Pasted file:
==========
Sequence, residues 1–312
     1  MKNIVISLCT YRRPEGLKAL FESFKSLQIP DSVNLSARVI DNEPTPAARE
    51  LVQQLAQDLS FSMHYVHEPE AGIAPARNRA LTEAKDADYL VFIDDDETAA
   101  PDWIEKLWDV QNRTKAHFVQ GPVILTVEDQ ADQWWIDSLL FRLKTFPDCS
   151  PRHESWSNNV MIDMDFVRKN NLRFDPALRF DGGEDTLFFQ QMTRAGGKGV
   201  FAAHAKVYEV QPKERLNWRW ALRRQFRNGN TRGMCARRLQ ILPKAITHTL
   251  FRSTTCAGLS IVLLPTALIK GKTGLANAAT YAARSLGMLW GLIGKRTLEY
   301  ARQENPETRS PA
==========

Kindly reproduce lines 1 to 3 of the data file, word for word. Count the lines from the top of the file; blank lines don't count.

Sequence, residues 1–312
     1  MKNIVISLCT YRRPEGLKAL FESFKSLQIP DSVNLSARVI DNEPTPAARE
    51  LVQQLAQDLS FSMHYVHEPE AGIAPARNRA LTEAKDADYL VFIDDDETAA